Giovanni di Cosimo de' Medici

Giovanni di Cosimo de' Medici (3 June 1421[1] – 23 September 1463) was an Italian banker and patron of arts.

Giovanni de' Medici
Giovanni by Mino da Fiesole
Born3 June 1421
Florence, Republic of Florence
Died23 September 1463(1463-09-23) (aged 42)
Florence, Republic of Florence
Noble familyMedici
Spouse(s)Ginevra degli Alessandri
IssueCosimino de' Medici
FatherCosimo de' Medici
MotherContessina de' Bardi

Giovanni was the son of Cosimo de' Medici the Elder and Contessina de' Bardi, and brother to Piero the Gouty.[2] Unlike the latter, Giovanni enjoyed good health and was seen by Cosimo as his probable successor. From 1438 he directed the branch of the family bank in Ferrara. He received also a humanistic education, showing a major interest in music.

In 1454 Giovanni was elected Prior of Florence and the following year he was a member of the delegation which received Pope Pius II in the city. The following year Cosimo made him general director of the Medici bank, but, unsatisfied because of Giovanni's distraction in arts and other activities, assigned to him Francesco Sassetti as tutor.

Giovanni married Maria Ginevra di Niccolò Alessandri,[2] daughter of Niccolò Alessandri, in 1452.[3] This marriage recognized the support that Niccolò had provided to Cosimo during his exile in 1433, and bound the families together.[3] The couple had one child, a son, Cosimo (c. 1454c. 1459), known as Cosimino (little Cosimo).[2] Ginevra frequently visited thermal baths for her health.[4] There she built up a network of influential women who she regularly corresponded with.[4] Ginevra died after 2 Aug 1478.[2]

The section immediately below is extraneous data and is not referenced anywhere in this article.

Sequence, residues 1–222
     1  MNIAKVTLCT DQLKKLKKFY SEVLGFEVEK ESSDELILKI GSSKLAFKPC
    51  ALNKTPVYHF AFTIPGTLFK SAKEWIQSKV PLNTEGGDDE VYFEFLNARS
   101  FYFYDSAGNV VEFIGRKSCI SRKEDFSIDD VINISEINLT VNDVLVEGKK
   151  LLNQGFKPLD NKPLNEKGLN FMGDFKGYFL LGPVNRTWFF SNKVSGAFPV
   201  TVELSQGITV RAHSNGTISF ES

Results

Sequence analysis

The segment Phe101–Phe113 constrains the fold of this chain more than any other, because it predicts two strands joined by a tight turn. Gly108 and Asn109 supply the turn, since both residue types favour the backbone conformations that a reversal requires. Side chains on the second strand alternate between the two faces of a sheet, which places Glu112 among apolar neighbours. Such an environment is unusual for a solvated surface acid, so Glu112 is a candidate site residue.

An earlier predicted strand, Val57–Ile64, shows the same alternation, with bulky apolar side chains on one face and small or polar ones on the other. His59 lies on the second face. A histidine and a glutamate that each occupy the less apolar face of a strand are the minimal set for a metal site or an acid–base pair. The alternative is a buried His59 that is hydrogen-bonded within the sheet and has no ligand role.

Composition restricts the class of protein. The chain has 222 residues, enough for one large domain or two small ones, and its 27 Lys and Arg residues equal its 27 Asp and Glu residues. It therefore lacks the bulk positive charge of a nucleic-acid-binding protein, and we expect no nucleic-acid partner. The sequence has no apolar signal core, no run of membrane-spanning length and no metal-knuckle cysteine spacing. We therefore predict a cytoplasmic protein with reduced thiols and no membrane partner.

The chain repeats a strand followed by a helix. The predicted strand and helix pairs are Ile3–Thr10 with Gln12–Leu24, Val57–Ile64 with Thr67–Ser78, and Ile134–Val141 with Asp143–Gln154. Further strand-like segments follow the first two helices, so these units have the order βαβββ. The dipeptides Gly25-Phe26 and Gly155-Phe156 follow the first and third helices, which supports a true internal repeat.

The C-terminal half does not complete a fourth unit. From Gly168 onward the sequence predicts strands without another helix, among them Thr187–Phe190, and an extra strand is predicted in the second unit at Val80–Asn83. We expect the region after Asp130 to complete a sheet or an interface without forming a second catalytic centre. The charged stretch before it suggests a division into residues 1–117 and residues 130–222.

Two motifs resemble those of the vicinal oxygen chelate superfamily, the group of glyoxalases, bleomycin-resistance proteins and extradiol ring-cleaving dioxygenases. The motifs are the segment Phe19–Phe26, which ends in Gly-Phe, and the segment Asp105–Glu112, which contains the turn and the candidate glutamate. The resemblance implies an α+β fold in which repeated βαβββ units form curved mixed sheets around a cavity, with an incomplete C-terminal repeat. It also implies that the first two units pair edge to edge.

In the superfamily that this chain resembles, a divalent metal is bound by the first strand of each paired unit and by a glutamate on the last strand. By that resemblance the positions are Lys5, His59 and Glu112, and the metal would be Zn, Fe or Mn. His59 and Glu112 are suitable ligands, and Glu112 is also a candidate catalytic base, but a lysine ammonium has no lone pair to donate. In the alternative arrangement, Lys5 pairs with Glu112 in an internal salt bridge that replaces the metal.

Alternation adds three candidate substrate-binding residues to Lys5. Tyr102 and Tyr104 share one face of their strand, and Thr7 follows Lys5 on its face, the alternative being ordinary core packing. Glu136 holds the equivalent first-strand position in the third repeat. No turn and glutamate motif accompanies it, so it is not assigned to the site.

He died in 1463, and was buried in the Sagrestia Vecchia of the Basilica di San Lorenzo. Later a monument was sculpted for him and his brother by Andrea Verrocchio.

Giovanni de' Medici was a famous patron of arts. He had the Villa Medici in Fiesole built by Michelozzo Michelozzi (but probably in collaboration with Giovanni's friend, Leon Battista Alberti). He had a large collection of sculptures, coins, manuscripts, jewels, musical instruments and other material. Artists who worked for him included: Mino da Fiesole, Desiderio da Settignano, Donatello, Domenico Veneziano, Filippo Lippi and Pesellino.

References edit

  1. ^ Pernis & Adams 2006, p. 28.
  2. ^ a b c d Tomas 2003, p. 7.
  3. ^ a b Tomas 2003, p. 17.
  4. ^ a b Tomas 2003, p. 47.

Sources edit

  • Pernis, Maria Grazia; Adams, Laurie (2006). Lucrezia Tornabuoni de' Medici and the Medici family in the fifteenth century. New York: Peter Lang Publishing, Inc. ISBN 0820476455.
  • Tomas, Natalie R. (2003). The Medici Women: Gender and Power in Renaissance Florence. Aldershot: Ashgate. ISBN 0754607771.